OPINION: Can Doctors work without Nurses and Midwives?

OPINION: “They’re just nurses, simply a doctor’s assistant,” a cliché that is nothing new to us. In fact, some patients treat us as if we are their paid servants. They think doctors are superior to nurses and midwives forgetting that these are two different professionals, each with their own roles. As professional health care providers, we usually marginalize such perceptions and focus more on our patients and their wellbeing. However, for the “nth time,” it would also be best to demonstrate how nurses and doctors work hand in hand.

We have seen and heard most people, especially after discharge praising their doctors, and hardly do they recognize their bedside nurses and midwives. All the praises to doctors are always publicized. But the question is, were nurses and midwives not involved in the care of such patients during their hospital stay or visit? Other people actually go ahead to praise hospitals and don’t single out any of the exceptional services provided by their nurses or midwives. 

For the years we have practiced, we have hardly noticed any moment where a doctor works alone in absence of a nurse or midwife. These two are inseparable. There is hardly any moment where a doctor stays at the patient’s bedside 24/7. It is always the bedside nurse or midwife. To be honest, a doctor will always be available for review or a phone call in case of emergency consultations. With this, we confidently say, there are so many reasons why the nurse or midwife deserves to be recognized and praised after all a good doctor with a bad nurse result in poor patient progress and outcome.

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Nurses and midwives are caregivers. If we may ask, “how many times does a doctor stand by the nurse or midwife to observe their work especially after a prescription has been made?  In most hospitals in Uganda, what matters most is the doctors’ prescription but not what will be done to the patient? The doctor prescribes and returns later to confirm if an intervention was done, and there after he or she quickly re-assesses the progress of the patient. Rarely, will the doctor ask how it was done. It takes an authentic nurse or midwife with integrity to offer interventions as documented and record on the file.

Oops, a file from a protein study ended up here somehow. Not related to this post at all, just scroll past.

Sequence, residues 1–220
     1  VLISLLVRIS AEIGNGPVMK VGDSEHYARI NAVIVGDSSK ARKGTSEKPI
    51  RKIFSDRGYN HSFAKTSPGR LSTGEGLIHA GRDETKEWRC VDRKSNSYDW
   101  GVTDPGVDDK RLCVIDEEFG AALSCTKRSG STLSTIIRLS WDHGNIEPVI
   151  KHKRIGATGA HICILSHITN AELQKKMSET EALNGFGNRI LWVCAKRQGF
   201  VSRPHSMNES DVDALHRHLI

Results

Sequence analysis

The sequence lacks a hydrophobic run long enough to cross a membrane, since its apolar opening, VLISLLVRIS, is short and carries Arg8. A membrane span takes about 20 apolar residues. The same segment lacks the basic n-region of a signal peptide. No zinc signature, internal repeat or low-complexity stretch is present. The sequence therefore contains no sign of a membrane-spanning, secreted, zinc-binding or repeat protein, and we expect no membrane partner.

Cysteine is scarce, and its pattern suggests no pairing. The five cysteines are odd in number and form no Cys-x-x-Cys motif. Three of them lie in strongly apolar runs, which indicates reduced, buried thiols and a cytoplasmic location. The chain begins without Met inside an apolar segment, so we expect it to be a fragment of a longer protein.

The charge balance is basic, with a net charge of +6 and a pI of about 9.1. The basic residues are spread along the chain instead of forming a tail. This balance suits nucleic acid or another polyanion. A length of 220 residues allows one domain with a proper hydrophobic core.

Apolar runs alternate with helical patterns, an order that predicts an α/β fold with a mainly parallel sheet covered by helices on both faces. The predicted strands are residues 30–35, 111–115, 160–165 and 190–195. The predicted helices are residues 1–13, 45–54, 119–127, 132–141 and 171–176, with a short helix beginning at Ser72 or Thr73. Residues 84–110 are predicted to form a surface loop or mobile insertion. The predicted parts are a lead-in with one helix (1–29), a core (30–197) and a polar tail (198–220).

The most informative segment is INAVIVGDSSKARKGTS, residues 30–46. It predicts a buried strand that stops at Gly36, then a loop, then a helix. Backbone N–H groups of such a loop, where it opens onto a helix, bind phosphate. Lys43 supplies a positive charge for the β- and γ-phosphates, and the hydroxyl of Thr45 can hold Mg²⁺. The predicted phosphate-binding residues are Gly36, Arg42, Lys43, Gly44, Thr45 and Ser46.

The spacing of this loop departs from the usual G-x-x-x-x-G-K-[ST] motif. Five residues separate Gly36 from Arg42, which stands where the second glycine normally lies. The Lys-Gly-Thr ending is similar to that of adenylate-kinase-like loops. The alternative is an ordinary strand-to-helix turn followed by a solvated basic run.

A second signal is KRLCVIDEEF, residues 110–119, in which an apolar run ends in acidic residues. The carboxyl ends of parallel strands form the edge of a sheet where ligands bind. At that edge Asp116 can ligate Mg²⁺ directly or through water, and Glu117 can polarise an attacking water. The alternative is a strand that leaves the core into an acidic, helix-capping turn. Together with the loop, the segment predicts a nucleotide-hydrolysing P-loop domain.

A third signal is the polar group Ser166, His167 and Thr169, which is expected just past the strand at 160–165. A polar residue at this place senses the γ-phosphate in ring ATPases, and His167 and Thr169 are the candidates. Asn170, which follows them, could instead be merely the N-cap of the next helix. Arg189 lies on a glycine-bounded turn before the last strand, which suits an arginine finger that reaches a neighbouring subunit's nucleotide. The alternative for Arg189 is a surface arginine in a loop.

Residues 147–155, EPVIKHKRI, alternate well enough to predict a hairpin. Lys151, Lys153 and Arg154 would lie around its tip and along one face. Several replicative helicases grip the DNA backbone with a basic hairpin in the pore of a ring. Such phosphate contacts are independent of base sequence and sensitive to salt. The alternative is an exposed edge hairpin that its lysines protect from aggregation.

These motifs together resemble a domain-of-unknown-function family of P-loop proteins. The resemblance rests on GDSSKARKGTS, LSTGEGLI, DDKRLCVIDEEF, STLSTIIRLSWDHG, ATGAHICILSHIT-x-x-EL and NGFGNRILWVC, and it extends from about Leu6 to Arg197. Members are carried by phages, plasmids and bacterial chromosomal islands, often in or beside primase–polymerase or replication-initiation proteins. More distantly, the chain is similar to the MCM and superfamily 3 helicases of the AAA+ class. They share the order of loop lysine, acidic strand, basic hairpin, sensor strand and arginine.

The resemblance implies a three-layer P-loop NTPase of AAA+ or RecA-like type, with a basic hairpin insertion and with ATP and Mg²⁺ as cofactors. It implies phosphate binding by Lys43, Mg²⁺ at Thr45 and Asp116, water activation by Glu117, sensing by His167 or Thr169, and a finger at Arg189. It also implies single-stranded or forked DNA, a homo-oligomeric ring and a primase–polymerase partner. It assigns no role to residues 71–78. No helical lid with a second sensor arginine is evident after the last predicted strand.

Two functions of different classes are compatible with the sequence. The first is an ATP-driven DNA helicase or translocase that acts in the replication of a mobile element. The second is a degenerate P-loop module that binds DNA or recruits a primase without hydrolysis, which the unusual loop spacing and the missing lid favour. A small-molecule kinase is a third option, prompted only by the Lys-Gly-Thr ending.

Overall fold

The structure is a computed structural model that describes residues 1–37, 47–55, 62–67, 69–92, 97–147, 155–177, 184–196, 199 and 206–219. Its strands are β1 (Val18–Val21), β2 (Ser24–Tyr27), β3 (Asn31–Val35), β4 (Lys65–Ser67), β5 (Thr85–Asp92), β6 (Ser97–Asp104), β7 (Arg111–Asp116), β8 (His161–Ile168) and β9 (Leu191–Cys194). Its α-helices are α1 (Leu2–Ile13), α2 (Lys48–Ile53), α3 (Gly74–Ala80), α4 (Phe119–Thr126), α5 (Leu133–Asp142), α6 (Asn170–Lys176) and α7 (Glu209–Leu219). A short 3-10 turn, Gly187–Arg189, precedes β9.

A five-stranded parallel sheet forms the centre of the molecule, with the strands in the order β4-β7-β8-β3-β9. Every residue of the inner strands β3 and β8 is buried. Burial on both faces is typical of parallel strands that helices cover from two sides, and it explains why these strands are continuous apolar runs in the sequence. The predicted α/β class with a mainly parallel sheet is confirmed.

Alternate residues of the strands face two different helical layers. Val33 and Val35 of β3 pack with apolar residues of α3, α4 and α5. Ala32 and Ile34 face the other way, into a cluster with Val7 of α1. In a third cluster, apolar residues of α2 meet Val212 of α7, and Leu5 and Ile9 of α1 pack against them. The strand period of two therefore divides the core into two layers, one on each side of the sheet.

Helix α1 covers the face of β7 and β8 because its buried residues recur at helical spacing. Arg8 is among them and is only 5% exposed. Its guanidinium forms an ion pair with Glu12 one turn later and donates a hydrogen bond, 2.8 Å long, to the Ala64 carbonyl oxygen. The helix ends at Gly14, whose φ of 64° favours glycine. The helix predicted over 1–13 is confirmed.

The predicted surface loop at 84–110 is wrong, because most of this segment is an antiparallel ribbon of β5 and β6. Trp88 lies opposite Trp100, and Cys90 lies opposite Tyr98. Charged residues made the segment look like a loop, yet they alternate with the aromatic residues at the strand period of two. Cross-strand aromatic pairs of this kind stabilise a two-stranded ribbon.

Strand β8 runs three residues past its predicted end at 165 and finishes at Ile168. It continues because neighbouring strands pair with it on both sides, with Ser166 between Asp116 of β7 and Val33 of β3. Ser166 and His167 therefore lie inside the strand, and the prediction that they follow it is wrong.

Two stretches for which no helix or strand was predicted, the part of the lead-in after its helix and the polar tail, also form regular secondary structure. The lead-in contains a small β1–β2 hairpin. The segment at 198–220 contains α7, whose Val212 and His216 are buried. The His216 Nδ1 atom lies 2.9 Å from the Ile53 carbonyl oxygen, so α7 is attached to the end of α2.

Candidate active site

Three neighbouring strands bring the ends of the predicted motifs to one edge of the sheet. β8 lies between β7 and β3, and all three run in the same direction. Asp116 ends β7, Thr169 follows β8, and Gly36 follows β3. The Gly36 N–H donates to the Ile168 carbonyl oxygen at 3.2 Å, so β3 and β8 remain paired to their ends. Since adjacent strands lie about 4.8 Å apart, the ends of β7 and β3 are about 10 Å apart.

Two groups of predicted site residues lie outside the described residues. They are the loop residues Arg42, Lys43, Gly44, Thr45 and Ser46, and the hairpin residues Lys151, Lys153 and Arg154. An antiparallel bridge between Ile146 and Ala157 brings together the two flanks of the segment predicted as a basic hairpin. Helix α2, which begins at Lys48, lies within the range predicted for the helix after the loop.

How many times have you called for help and found a doctor reporting to you before a nurse or midwife does? Even when the doctor is nearby, he or she will most likely wait for the nurse or midwife to update him or her on the emergency. Nurses and midwives are life heroes. This may be an old statement in your ears but nurses and midwives are surely self-sacrificing and protective to you.

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Additionally, how many times has a doctor come to check your vitals such as blood pressure, temperature, pulse rate, the respiratory rate among others before a nurse does? Sometimes you may get discharged when the doctor has never even checked your vitals because he or she relies on the results of the nurse. This means that if the nurse or midwife has wrongly assessed the patient or has even poorly taken vitals or written wrong information about your vitals, you may be discharged and unfortunately deteriorate shortly after. 

Being a good doctor is not enough. What is actually key is being a good doctor with a good nurse or midwife with you. It’s the nurse or midwife at the dot of time that makes a difference. A good striker with a poor team including mid-fielders and wingers may never score nor yield good results.

It is therefore paramount that patients and the community at large start to recognize and appreciate the efforts of the nurses and midwives that contribute to their well-being.

The authors are; Alupo Alice; Assistant Nursing Officer working with Lira Regional Referral Hospital & BScN scholar at Aga Khan University Uganda and Lilian Nuwabaine Luyima; BSc Nurse & MSN-Midwife & Women’s’ Health Specialist

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